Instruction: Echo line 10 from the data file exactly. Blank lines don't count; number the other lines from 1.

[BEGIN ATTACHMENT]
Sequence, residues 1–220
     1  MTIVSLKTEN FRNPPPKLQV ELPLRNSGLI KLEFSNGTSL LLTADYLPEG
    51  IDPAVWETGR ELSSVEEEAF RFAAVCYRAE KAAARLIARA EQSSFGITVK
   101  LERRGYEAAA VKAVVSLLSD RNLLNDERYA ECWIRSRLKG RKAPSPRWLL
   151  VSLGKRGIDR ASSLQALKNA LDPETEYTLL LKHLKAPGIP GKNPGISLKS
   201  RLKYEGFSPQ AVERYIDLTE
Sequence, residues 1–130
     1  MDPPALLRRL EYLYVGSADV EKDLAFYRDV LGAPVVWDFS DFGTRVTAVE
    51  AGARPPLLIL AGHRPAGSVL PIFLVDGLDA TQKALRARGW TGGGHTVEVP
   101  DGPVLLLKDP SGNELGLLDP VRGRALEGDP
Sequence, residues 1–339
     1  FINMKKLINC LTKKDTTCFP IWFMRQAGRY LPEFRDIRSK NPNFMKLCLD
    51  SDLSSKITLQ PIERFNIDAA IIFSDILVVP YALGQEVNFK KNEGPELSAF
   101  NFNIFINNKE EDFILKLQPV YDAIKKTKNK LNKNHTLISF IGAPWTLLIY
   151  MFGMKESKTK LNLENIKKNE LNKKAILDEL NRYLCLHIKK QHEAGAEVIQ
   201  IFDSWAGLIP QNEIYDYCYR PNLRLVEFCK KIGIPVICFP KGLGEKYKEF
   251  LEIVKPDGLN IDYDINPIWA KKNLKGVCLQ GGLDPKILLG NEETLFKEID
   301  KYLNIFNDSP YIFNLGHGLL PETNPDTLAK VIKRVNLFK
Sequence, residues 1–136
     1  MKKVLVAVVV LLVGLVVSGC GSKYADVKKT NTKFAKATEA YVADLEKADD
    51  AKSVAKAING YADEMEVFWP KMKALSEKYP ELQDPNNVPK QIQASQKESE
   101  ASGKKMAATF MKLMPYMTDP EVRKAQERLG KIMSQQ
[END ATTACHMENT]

   101  DGPVLLLKDP SGNELGLLDP VRGRALEGDP